Every now and then, my brain goes traveling down Memory Lane for no specific reason. And it comes back with a totally random very specific piece of my past.
Usually something that has to do with my childhood.
Chéri is very familiar with these Family Flashes, because I always feel the need to share them with him, when they happen.
I thought I’d start a little series, like a scrapbook of these tiny bits of my life.
This one is not especially family related, but when I found the following picture, I felt like sharing the anecdote anyway…
Meet 5 or 6 years old me. And my kindergarden teacher, Sister Georgette. Both blurry, I know, but blame early eighty’s cameras for that.
Unlike many children, I was absolutely thrilled to start going to school. I’ve always been hungry to learn, and this picture was the beginning of my ever-ongoing learning adventure. With Sister Georgette, I remember mastering the art of tying my shoes… A big achievement, when you’ve just entered the schooling system.
Sister Georgette was kind, and well intentionned. But one day, we had a confrontation. And that’s quite something, if you’ve ever been taught by a nun.
That day, my classmates and I came to school probably expecting to finger paint, and practice our alphabet. But I was in for a big (and quite unpleasant) surprise.
Sister Georgette had arranged an egg tasting. I said ”egg” but that was more like ”eggs” with a capital S at the end.
Somehow she had put her hand on all kinds of eggs…. Chicken (of course), duck, quail, others I can’t think of at the moment, and even an ostrich egg. There was a lot of effort put into this, because we then lived in a remote area North of Québec, and that was long before Amazon could deliver clipped toe nails of your favorite star overnight.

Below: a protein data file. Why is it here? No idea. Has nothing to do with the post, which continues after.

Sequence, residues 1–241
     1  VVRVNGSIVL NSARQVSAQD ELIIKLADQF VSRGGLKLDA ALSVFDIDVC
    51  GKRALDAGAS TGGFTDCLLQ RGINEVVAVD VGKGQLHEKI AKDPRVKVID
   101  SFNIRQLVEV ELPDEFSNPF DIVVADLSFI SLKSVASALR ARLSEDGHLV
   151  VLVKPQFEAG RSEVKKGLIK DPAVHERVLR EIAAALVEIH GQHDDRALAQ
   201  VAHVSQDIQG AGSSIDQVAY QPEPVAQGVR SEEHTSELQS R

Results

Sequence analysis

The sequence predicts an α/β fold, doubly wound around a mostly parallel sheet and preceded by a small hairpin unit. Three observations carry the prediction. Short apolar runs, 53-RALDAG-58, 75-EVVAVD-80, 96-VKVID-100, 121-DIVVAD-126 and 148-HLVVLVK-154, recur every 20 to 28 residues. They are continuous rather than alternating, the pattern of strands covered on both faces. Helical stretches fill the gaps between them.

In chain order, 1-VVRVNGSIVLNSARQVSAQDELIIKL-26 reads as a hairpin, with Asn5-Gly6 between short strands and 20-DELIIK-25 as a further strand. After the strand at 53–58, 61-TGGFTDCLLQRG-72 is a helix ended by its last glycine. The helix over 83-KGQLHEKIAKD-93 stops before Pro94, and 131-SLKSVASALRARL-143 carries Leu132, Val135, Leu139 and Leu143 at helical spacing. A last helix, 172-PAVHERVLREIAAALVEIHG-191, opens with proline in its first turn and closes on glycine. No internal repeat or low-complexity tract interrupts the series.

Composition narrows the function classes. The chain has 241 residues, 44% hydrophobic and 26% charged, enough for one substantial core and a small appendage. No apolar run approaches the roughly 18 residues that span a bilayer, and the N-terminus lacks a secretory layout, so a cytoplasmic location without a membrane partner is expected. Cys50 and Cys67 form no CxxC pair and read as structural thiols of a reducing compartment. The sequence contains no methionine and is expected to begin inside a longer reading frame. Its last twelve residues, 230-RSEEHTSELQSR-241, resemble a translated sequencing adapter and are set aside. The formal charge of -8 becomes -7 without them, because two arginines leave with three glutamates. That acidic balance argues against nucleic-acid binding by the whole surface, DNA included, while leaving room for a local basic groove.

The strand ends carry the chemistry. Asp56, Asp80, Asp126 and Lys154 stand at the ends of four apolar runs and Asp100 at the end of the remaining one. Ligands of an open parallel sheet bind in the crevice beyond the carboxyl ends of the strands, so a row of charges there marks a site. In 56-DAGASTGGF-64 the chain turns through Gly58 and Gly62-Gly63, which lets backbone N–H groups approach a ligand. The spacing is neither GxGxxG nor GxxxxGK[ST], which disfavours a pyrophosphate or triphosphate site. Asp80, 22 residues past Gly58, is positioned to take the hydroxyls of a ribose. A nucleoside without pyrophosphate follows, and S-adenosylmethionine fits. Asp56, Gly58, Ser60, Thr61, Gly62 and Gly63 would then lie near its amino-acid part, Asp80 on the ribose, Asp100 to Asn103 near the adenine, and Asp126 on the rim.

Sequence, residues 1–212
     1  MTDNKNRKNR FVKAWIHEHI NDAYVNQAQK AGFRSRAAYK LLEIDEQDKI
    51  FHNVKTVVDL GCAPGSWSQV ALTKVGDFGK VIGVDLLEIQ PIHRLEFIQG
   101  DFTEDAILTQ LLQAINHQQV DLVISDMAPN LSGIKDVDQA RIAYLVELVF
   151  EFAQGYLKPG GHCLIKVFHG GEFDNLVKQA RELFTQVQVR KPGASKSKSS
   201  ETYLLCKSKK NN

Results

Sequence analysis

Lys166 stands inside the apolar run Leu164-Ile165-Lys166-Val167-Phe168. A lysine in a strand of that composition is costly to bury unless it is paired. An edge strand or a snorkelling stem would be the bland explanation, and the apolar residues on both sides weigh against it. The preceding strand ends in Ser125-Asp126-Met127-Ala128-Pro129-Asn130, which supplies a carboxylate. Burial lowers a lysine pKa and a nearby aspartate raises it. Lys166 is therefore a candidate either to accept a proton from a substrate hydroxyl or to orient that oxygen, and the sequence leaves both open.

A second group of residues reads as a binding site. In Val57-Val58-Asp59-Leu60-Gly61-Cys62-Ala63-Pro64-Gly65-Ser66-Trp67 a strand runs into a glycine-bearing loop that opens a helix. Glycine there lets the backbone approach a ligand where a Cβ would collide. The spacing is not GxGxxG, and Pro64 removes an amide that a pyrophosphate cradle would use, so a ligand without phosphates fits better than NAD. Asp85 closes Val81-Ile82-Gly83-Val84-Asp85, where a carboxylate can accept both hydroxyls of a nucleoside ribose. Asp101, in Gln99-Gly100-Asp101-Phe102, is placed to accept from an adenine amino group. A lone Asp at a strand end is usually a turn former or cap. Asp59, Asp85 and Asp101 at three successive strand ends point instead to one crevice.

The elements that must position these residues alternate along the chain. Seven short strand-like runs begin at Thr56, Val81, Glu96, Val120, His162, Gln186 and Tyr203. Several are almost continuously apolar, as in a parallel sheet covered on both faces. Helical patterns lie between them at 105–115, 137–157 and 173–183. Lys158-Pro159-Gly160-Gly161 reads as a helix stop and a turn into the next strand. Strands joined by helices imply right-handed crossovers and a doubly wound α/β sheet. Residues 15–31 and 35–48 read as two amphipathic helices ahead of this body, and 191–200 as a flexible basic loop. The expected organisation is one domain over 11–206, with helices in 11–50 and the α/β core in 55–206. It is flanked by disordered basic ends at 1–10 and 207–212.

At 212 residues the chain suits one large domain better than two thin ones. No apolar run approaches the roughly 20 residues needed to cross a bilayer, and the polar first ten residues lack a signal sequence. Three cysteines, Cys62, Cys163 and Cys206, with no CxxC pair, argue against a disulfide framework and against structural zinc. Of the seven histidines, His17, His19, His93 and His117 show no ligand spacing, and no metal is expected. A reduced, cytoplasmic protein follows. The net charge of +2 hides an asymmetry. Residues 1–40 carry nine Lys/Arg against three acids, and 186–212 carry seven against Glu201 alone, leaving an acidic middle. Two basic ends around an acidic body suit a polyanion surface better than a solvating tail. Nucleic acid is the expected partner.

I was aware that what was happening was somewhat of a privilege.
But the thing is, I hate eggs. I always have, and I still do to this day. I don’t like their taste, I don’t like their texture, I only use them in recipes, but never as a whole part of the dish.
But in the early eighties, children had to try E-VE-RY-THING. Or so did Sister Georgette think. After cooking every feathery friend’s eggs for the class, she insisted that I took a bite of every species’ omelette.
”I don’t eat eggs, Sister” I said.
Which apparently was not a viable argument. Because Hey! I was just a kid, not meant to have any opinion. But sometimes, I guess, refusals are just not unfounded.
Mom had tried hard to make me enjoy the taste of eggs as a toddler. With no success. I always hated it, it always made me gag. I tried it many ways, and decided I wouldn’t eat it anymore.
Sister Georgette, not minding how I appreciated her, still forced me to taste the eggs, like my classmates.
And to this day, I still remember.
I didn’t die, but I was hurt. I don’t like eggs. Thanks anyway for trying, Sister!
3 thoughts on “Family Flashes…”
I was forced to drink milk and had to draw a milk bottle for every cup I drank on the chalkboard in front of the one room school. I was the only one made to do this but no matter how embarrassed and angry I was I loved that teacher and school.
I feel so much better now. I thought I was the only one who felt that way about Eggs. It’s good not to be alone.
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That’s how things were back in the old days — adults could have preferences, but kids couldn’t. In our house, we kids had to eat the foods our parents liked, even if it made us gag, but the adults never had to eat anything that they hated. I couldn’t wait to grow up so I would never again have to eat anything I hated.